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    Arts Award Blog

    Top 5 ways young people can engage with Arts Award over the summer

    Author: Layne Harrod

    Date: 15 Jul 2019

    The summer holidays are almost upon us! This week we hear from arts and cultural organisations across the country as we look at the Top 5 ways young people can engage with Arts Award over the summer break.

    1) Enrol in an art school: Laing Art Gallery, Newcastle

    This summer, Laing Art Gallery in Newcastle will be delivering a five-day Art School for 11-16-year olds as well as an Art Academy for 7-10-year olds over three days. Young people have the option to sign up to start their Explore or Bronze Arts Award journey with the gallery when they book. They can participate in many activities each day and then take part in a mini exhibition of all their work in the gallery for friends, family and members of the public to visit.

    Laing Art SchoolBlank portfolio templates will be provided and are filled with annotations, drawings, written communications and photos for evidence and young people will be photographed as they explore the gallery and exhibitions, taking part in art activities and skills learning. The aim is to encourage participants to research artists from exhibitions they will look at and gather inspiration from their surroundings. Presenting work can be done through the exhibition, allowing students to gather written and verbal feedback. Participants will be supported on a one to one basis or in a small group to make sure they receive all the help they need whilst working with their Arts Award adviser throughout the week.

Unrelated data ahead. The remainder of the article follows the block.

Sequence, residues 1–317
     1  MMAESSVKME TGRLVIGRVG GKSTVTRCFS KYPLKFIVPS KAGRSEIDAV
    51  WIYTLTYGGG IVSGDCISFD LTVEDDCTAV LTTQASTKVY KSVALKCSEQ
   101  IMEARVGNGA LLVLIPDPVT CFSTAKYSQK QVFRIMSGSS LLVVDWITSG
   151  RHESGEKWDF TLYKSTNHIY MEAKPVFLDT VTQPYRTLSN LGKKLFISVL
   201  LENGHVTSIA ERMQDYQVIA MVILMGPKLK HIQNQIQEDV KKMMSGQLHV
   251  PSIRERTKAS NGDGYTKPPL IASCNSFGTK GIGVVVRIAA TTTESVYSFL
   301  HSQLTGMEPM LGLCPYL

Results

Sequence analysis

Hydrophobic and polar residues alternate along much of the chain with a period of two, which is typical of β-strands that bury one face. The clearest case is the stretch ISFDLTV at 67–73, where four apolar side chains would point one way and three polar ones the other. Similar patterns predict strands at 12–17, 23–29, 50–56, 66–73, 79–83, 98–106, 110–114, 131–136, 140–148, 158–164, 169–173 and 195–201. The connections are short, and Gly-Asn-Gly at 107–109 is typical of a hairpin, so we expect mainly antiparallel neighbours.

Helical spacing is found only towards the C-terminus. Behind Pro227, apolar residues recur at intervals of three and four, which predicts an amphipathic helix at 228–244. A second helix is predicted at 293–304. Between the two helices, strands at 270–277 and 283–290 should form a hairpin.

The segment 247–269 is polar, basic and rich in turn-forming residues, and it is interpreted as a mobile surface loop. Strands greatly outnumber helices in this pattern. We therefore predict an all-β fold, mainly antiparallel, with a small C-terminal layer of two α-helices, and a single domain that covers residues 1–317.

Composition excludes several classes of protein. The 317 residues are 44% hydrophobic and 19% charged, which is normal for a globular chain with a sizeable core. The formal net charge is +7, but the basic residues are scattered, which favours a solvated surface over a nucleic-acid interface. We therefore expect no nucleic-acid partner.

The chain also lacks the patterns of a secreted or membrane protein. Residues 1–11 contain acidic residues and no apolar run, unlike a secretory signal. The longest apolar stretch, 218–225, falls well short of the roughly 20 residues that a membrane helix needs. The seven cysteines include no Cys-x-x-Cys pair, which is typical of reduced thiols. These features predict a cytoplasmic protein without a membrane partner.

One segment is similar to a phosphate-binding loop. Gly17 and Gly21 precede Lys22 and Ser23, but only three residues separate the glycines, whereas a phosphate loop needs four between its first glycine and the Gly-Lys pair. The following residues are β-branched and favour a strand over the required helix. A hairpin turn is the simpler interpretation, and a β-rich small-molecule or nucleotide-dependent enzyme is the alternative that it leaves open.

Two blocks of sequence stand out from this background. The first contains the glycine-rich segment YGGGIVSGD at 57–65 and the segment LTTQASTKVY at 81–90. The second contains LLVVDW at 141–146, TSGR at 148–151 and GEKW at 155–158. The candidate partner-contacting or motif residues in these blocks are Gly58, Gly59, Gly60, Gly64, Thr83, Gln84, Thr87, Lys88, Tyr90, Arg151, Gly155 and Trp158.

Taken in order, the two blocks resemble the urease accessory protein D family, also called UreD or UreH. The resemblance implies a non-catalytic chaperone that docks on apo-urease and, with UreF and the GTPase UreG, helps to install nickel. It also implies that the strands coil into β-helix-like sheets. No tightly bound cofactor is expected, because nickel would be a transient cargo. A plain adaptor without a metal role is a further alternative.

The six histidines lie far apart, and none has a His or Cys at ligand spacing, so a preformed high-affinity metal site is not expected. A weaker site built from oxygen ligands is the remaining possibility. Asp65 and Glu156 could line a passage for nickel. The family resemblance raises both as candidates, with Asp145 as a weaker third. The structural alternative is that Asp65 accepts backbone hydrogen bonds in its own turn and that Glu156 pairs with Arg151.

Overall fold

Find out more about the Art Academy and the Art School

    2) Get curative in a museum: Horniman Museum and Goldsmiths University, London

    Working in collaboration with Goldsmiths University, Horniman Museum in London will deliver a Bronze ArtsSculpting Sound Plain Image Award for up to 10 young people aged 14-19 in a week-long programme. The main aim of the week will be to explore physical sound, recording techniques and the ideas of Daphne Oram through specialist instruments and the Horniman’s collection, using new technology to capture, remix and re-present the participants’ findings through individual creations.

    Using social media and mobile phone apps the experience will be documented in line with Bronze Arts Award requirements in a new and exciting way. Each day will have a different focus but will feature listening and playing instruments, creating compositions, making recordings and remixing material. Young people will have the opportunity to; explore the Horniman’s musical instrument collection, take part in a curator led tour, learn musical editing software and begin creating sound pieces, visit Goldsmiths University Electronic Music Studios and much more!

    For further details see here

    3) Join a summer school: Manchester Metropolitan University, Manchester

    Young people will get the opportunity to develop their own creative practice, attend exhibitions and plan and deliver their own arts event whilst working towards their Silver Arts Award as part of a three-week summer school programme, hosted by Manchester Metropolitan University. Tutors will support participants to develop a project of personal interest and aid creative ambitions in the lead up to an exciting external event where a celebration for friends and family will highlight the fantastic work produced on this programme.Manchester Met